The Computer History Museum which is situated in California has now planned to release Apple's legendary and historical Lisa operating system. The OS will be for free as an open source this year, according to a report.
California-based History Museum has announced that the source code of the Apple's Lisa computer which predates the Mac, has been recovered and it's being reviewed by Apple itself, 9to5Mac reported.
According to CIO Today, Apple Lisa is a desktop developed by Apple and released on January 19, 1983. It was one of the first personal computers to offer a graphical user interface in a machine aimed at individual business users.
Lisa was the first personal computers by Apple to feature support for a mouse but ultimately only sold 10,000 units.
Al Kossow, a software curator at the museum said, "Just wanted to let everyone know the sources to the OS and applications were recovered, I converted them to Unix end of line conventions and spaces for Pascal tabs after recovering the files using Disk Image Chef, and they are with Apple for review."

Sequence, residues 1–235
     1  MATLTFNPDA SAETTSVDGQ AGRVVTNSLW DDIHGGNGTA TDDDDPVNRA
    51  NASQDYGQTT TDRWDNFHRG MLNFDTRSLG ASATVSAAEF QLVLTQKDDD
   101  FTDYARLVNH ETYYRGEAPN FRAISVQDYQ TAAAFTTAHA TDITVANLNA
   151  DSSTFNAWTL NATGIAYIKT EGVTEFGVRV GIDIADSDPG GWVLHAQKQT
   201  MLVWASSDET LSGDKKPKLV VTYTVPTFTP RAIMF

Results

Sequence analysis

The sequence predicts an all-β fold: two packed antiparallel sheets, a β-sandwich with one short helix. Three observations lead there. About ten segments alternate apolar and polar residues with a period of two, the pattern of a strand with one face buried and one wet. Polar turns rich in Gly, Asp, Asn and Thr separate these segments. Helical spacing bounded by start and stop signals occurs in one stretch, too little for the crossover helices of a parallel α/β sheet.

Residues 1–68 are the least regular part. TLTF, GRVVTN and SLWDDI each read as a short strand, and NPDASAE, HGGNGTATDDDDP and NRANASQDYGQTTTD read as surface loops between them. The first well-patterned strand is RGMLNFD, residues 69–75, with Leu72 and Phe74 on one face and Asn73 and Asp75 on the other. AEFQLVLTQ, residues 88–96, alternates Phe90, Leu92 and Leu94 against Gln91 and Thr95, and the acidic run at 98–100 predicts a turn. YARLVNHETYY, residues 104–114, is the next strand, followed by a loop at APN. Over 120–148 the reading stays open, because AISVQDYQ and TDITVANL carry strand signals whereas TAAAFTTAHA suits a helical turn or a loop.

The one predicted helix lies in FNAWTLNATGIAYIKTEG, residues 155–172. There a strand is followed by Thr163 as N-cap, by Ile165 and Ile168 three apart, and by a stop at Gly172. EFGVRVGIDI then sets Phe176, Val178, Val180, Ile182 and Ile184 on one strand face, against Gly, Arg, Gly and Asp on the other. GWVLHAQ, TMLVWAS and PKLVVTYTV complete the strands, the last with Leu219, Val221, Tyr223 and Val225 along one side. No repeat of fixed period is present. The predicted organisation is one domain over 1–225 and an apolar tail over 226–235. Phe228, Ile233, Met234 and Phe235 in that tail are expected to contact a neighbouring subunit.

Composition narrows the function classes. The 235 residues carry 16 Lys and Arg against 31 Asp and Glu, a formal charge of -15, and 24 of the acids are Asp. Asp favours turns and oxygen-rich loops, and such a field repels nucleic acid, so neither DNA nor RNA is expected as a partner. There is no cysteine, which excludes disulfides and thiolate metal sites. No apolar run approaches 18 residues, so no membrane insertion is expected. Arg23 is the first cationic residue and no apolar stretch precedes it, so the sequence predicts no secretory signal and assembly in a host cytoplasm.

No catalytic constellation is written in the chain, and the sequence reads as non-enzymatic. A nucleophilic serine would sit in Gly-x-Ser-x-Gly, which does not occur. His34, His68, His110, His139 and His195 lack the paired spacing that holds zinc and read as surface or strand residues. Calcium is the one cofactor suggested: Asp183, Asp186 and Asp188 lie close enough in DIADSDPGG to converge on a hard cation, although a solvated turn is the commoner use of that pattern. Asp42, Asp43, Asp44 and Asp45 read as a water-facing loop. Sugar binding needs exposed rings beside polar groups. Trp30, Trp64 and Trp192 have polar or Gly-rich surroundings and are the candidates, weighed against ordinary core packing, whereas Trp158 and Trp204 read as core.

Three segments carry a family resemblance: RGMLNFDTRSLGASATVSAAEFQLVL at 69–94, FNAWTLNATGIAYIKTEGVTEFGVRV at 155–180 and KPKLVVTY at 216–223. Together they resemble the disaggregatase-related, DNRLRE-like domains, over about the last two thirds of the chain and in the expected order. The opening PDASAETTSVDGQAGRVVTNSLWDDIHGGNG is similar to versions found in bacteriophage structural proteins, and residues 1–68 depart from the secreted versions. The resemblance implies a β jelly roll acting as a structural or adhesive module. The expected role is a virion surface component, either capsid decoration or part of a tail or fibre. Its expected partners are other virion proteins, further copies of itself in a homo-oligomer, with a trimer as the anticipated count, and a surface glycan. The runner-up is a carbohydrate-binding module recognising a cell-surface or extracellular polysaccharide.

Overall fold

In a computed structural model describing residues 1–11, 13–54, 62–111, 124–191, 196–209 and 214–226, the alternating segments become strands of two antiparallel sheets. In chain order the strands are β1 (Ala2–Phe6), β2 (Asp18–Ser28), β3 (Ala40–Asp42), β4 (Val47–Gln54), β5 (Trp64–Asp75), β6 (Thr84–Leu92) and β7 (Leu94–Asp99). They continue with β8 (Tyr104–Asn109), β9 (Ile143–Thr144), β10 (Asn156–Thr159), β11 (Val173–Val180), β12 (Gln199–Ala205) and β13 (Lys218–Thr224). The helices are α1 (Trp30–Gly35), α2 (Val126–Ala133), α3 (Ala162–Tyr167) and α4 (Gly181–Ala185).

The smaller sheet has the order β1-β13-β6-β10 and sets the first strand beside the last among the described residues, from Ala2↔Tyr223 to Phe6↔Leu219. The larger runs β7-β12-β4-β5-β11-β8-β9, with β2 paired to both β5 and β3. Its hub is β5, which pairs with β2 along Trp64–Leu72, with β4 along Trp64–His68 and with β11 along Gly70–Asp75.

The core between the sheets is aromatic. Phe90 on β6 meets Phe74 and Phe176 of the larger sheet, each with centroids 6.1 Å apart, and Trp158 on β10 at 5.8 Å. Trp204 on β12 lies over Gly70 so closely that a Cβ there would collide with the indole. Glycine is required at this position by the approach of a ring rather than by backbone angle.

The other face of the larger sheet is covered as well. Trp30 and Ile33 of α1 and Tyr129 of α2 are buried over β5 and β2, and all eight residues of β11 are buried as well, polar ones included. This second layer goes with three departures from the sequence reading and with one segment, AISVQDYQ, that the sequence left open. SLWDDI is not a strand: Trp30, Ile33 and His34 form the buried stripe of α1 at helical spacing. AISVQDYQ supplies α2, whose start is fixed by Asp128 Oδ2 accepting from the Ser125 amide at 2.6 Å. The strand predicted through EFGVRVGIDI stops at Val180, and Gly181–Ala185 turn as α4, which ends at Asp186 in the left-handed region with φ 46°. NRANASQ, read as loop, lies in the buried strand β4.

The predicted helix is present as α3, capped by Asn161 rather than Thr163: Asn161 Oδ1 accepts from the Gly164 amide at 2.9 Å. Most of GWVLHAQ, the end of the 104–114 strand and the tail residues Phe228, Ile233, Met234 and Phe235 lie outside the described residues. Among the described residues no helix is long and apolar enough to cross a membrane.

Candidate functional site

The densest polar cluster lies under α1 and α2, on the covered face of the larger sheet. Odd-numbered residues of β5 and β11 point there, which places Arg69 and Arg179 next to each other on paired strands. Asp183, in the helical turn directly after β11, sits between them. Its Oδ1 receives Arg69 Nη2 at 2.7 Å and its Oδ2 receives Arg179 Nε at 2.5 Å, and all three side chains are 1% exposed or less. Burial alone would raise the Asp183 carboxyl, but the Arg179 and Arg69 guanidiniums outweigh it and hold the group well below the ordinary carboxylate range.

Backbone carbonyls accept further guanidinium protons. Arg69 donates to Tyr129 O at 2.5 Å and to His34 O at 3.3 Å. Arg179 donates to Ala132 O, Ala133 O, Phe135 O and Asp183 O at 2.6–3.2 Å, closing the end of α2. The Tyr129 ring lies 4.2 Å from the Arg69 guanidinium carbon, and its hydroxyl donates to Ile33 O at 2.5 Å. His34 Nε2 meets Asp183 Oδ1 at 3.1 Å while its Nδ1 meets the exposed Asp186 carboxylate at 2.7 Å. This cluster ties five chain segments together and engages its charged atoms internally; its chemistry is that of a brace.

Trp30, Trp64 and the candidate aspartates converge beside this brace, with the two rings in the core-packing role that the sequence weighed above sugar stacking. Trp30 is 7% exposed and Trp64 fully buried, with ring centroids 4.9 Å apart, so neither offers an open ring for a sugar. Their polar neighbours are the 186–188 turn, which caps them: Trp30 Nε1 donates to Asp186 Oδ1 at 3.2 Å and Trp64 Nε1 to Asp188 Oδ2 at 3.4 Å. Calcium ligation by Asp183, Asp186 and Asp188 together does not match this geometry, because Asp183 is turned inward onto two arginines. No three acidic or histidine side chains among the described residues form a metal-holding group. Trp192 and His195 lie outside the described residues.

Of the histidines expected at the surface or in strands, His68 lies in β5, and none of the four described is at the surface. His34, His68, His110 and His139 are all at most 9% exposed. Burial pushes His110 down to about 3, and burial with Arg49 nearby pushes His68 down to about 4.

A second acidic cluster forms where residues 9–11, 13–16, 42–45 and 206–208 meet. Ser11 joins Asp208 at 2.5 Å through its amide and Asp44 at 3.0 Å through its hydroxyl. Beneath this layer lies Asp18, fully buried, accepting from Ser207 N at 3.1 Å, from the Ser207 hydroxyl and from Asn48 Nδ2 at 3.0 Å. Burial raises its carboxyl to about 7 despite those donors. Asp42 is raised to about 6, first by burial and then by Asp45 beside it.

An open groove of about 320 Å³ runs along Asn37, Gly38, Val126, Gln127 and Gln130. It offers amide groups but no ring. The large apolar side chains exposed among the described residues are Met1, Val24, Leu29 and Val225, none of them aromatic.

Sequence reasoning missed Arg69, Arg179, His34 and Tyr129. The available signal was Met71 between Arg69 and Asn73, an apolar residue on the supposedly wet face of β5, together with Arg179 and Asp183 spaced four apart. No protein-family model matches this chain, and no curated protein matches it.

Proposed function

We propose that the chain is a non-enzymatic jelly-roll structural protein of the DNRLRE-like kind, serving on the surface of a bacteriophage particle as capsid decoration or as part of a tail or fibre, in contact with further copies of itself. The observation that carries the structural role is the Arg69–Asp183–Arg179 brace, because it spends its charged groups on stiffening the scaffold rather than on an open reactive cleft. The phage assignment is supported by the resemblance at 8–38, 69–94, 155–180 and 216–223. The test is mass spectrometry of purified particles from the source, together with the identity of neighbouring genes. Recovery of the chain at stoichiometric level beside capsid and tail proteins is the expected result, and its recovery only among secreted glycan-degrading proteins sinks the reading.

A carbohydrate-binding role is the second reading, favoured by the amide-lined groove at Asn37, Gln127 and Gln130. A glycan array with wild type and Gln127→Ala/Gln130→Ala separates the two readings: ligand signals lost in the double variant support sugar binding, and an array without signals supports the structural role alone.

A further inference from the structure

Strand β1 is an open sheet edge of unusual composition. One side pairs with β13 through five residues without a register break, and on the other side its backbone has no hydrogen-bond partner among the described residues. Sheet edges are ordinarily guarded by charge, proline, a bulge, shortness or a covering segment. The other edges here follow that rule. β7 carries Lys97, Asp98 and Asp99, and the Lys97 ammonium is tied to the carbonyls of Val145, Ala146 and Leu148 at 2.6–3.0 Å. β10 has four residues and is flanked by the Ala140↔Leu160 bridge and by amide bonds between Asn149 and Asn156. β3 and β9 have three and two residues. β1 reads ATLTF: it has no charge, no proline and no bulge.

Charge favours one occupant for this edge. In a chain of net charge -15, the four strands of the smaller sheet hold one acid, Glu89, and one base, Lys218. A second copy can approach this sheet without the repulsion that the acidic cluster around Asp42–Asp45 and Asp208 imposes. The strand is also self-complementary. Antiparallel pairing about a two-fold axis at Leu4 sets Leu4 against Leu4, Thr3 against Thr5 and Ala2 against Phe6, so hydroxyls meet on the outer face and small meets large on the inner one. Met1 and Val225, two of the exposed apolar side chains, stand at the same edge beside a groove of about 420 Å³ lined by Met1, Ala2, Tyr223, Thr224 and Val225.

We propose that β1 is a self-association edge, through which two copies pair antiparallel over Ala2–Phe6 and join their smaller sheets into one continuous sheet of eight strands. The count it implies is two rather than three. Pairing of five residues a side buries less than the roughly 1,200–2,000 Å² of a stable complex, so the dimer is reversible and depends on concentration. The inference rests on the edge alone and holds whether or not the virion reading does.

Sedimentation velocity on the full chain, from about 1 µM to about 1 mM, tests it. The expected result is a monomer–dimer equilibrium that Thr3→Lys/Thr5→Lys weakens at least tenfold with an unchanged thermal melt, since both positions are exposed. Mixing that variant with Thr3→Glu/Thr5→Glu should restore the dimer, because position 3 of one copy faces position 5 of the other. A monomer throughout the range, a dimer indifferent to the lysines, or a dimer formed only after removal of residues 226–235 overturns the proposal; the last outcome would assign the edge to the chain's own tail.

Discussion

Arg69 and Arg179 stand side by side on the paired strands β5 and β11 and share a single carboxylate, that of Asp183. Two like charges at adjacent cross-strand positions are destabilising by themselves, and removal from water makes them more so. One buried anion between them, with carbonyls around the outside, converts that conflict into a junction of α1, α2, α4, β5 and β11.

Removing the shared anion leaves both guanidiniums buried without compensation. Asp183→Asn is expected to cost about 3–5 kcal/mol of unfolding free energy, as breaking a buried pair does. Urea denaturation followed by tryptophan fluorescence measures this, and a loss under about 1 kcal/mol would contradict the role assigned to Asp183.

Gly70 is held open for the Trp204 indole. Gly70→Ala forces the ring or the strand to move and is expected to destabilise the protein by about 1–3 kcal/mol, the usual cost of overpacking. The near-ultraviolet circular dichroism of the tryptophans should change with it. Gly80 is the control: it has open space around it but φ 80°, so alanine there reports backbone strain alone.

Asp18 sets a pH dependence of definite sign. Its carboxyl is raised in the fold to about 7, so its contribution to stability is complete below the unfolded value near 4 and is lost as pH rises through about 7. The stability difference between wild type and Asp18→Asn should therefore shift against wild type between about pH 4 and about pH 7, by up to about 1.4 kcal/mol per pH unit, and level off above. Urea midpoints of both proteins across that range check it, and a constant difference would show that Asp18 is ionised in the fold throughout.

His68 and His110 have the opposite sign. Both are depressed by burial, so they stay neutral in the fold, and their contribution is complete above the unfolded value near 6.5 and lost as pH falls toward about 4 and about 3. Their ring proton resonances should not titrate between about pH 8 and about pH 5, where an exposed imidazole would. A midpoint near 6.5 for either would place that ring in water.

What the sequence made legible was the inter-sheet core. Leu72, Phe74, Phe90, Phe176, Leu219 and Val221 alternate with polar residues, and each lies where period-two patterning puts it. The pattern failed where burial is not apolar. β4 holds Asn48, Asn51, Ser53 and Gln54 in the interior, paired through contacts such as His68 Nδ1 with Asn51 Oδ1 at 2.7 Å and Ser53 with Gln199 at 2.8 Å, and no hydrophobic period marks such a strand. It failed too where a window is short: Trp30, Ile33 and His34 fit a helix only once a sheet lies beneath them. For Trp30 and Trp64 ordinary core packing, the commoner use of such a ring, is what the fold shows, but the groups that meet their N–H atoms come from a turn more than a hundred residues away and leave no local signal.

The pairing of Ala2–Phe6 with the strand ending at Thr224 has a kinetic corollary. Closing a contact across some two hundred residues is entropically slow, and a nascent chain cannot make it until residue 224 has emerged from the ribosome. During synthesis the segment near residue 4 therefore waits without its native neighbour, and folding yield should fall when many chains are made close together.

— DesignSpark (@DesignSparkRS) January 19, 2017
The source for both the operating system and applications has been recovered by the company, he added. And once that code will be finished being reviewed by the Apple developers, the museum will make the code available to everyone later this year and it will be free, Kossow said.
Only 10,000 units of Lisa were sold and despite being a flop, the operating system holds a major role in the history of Apple.